Plachutta And The Right Of The Left To Abuse Freedom Of Opinion drucken

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To date Austrian trade unions have organised two demonstrations outside the Plachutta restaurant chain. It is certainly something that should be cause for concern.

Mario Plachutta is a restaurant chain owner with a growing business and a number of locations, and like almost any other restaurant owner is also regularly a victim of theft. The immediate dismissal of the Slovakian over the theft of a half a kilo of sugar is certainly something that can be traced back to frustration over this situation. The fact that Plachutta personally managed to catch somebody himself while at the same time hundreds of others went unnoticed was also probably a factor in his swift reaction. And of course the fact that he has a somewhat choleric temperament.

And of course, as is to be expected, the waiter challenged the decision in an industrial tribunal, which is something that you would expect in a democracy (even if that is separate from the fact that the industrial tribunals almost certainly find in favour of the employee). But leaving that aside, the fact is that the courts are there in order for a decision to be made about such situations.

What then can be the motive of the trade union officials after winning at court then go on to organise demonstrations? Do they want to show that the Arbeiterkammer&Co (Chamber of Commerce) is indeed good for something? It should be pointed out at this point that the waiter could have gone to the industrial tribunal without them. Was it perhaps to cover up the fact that the Chamber of Commerce elections were almost completely ignored? Or was it perhaps simply that the restaurant is in a nice location and offers a great photo opportunity? Could it even be Plachutta's once family connection with a Freedom Party politician? (In 1999 Heinz-Christian Strache married Daniela Plachutta, the daughter of Ewald Plachutta).

At the end of the day the reason is irrelevant. What is significant is when anybody, whether that is trade unionists or anti-fur trade opponents, decides to stage demonstrations directly in front of companies in a way that restricts their business activities. (Example in February 2000 flats belonging to ministers were blockaded for days (in opposition to the freedom party coalition government).

With activities like this the right to a demonstration is changed and becomes the right to threaten and to damage the business.

But this connection in our constitution here in Austria in contrast to other Western countries is treated far too one-sidedly. That's because the constantly to be defended right to have an opinion should not be so easily translated into threats, barricades and blackmail. But despite that, this is widely practised by the left.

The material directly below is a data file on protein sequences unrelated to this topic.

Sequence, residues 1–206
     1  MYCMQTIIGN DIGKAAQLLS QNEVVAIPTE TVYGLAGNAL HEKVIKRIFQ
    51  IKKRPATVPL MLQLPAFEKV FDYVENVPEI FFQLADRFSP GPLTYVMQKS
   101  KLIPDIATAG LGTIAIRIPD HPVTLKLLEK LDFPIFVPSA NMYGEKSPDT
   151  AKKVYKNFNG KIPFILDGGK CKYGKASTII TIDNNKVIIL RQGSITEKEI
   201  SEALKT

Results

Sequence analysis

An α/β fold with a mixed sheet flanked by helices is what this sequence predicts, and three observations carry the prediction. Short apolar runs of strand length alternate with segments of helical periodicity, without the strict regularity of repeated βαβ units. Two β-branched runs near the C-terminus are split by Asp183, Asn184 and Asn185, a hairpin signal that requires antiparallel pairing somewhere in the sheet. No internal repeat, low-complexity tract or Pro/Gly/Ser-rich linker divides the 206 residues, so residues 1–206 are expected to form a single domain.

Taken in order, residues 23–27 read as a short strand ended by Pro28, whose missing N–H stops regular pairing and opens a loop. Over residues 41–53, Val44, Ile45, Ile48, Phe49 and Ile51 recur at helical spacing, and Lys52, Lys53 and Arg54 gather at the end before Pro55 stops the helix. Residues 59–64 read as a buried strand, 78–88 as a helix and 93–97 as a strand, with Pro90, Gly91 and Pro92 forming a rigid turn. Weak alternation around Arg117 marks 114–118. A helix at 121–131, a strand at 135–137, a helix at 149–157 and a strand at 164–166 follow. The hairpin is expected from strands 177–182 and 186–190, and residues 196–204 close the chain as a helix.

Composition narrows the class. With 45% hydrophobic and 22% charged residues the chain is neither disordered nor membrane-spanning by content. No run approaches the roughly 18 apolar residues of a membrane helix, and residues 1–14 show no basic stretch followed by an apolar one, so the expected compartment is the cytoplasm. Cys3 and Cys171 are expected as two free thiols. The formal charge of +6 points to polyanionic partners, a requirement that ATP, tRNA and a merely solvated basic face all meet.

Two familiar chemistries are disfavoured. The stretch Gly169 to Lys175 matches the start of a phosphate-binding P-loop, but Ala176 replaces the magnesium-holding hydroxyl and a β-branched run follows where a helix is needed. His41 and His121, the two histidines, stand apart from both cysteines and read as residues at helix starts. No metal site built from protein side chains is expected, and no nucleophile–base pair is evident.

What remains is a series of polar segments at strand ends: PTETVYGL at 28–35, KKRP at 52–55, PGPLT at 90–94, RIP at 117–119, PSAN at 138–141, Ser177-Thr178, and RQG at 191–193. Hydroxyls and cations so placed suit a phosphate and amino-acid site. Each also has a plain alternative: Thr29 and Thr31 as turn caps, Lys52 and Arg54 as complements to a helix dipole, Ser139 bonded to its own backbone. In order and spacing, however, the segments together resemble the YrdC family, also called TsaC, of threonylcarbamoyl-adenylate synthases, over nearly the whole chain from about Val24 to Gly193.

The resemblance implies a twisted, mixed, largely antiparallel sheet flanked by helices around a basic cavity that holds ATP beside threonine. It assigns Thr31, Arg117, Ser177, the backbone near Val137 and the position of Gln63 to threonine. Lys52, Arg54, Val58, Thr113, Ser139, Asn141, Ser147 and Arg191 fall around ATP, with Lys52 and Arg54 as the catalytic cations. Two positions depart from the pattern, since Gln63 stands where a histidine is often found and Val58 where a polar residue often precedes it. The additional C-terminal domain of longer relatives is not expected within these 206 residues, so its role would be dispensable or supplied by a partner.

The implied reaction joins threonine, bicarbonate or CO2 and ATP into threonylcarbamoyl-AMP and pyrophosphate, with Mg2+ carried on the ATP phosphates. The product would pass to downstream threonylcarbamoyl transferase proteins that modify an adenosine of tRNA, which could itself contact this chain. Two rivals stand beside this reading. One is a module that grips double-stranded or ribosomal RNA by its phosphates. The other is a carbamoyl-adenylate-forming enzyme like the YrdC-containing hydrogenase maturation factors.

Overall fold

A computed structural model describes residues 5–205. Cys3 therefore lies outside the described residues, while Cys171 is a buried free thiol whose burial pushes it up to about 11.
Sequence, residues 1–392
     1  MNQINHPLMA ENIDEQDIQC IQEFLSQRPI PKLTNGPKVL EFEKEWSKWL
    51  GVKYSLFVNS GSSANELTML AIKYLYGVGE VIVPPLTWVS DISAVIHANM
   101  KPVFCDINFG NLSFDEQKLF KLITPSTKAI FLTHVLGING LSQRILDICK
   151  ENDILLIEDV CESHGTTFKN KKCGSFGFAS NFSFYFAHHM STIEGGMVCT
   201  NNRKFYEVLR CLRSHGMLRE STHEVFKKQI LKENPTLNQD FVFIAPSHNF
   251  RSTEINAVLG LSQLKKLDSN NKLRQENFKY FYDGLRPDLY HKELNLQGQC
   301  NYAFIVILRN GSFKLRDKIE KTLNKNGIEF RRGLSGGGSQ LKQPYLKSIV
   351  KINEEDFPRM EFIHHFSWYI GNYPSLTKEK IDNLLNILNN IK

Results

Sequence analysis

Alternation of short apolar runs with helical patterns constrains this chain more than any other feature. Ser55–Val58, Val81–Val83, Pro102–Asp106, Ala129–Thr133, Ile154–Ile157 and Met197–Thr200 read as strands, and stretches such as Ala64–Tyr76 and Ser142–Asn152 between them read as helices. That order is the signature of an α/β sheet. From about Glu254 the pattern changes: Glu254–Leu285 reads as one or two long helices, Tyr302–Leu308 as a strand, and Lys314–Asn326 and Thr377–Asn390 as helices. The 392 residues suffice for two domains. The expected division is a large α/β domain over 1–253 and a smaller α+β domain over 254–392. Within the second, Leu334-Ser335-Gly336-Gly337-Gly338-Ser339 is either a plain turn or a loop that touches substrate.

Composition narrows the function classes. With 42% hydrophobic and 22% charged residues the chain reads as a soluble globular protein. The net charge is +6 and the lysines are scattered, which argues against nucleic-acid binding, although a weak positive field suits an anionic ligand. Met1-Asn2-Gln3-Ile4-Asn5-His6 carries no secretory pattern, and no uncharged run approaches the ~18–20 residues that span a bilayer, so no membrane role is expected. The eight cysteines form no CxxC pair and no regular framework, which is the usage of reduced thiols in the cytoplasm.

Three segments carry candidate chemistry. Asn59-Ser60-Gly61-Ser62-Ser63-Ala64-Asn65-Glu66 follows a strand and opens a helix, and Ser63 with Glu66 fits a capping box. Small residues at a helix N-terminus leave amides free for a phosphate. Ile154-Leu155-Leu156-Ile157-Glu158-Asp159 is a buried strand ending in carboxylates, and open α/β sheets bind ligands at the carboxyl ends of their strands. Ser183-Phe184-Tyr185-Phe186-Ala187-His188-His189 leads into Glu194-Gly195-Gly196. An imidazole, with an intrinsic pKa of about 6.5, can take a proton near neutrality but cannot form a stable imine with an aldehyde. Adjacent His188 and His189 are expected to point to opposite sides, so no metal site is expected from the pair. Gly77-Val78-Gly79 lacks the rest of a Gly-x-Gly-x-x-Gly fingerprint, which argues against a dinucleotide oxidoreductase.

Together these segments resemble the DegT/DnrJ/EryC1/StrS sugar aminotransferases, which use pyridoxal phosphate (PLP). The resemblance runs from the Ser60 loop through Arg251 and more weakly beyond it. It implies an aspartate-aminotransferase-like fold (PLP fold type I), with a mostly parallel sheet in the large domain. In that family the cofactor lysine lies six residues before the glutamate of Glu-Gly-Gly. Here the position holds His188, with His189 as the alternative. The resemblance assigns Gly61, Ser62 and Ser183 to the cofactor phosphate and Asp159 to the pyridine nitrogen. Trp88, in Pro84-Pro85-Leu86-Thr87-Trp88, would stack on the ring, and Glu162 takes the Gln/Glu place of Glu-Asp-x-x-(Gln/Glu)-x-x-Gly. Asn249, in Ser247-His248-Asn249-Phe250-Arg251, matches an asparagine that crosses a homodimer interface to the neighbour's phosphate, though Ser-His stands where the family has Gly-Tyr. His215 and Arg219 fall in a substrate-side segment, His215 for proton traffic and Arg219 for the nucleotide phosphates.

What is also problematic is something that the Green party are doing ever more consistently – blockading streets for hours at a time even on busy roads like the city centre Ring Road. And that's simply for the fact that a few dozen of them have managed to sit on bikes or walk in the way of traffic. These people have the protection of the Constitution, even if there is only a handful of them causing massive disruptions to everybody else. Even if the carbon dioxide footprint of all that stationary traffic is enormous, because the drivers can't get to where they want to go, and have to sit with engines idling.

And while freedom of opinion is something that is worth fighting for, the more the focus is on this, the less the understanding seems to be when the right to demonstration is increasingly used as a way of breaking down opposition and winning the majority around to a different way of thinking. When that happens then this threatens the right to demonstrations in itself. Or should we allow people who are against cyclists being allowed on the ring or people who are critical of waiters who steal from their employer?

Perhaps it's okay to end up with a situation here, like the one we have in the Ukraine?

That at the end of the day is why we have courts, that is why we have numerous channels were we can give our opinion, that is why we have different people in our democracy with the right to different opinions. But we don't have the right to use aggression – not yet at least.

This English version of comment from the Tagebuch was translated by the British journalist Michael Leidig and his team at the Central European News agency. He can be contacted for corrections and improvements to the English here: (editor@cen.at)

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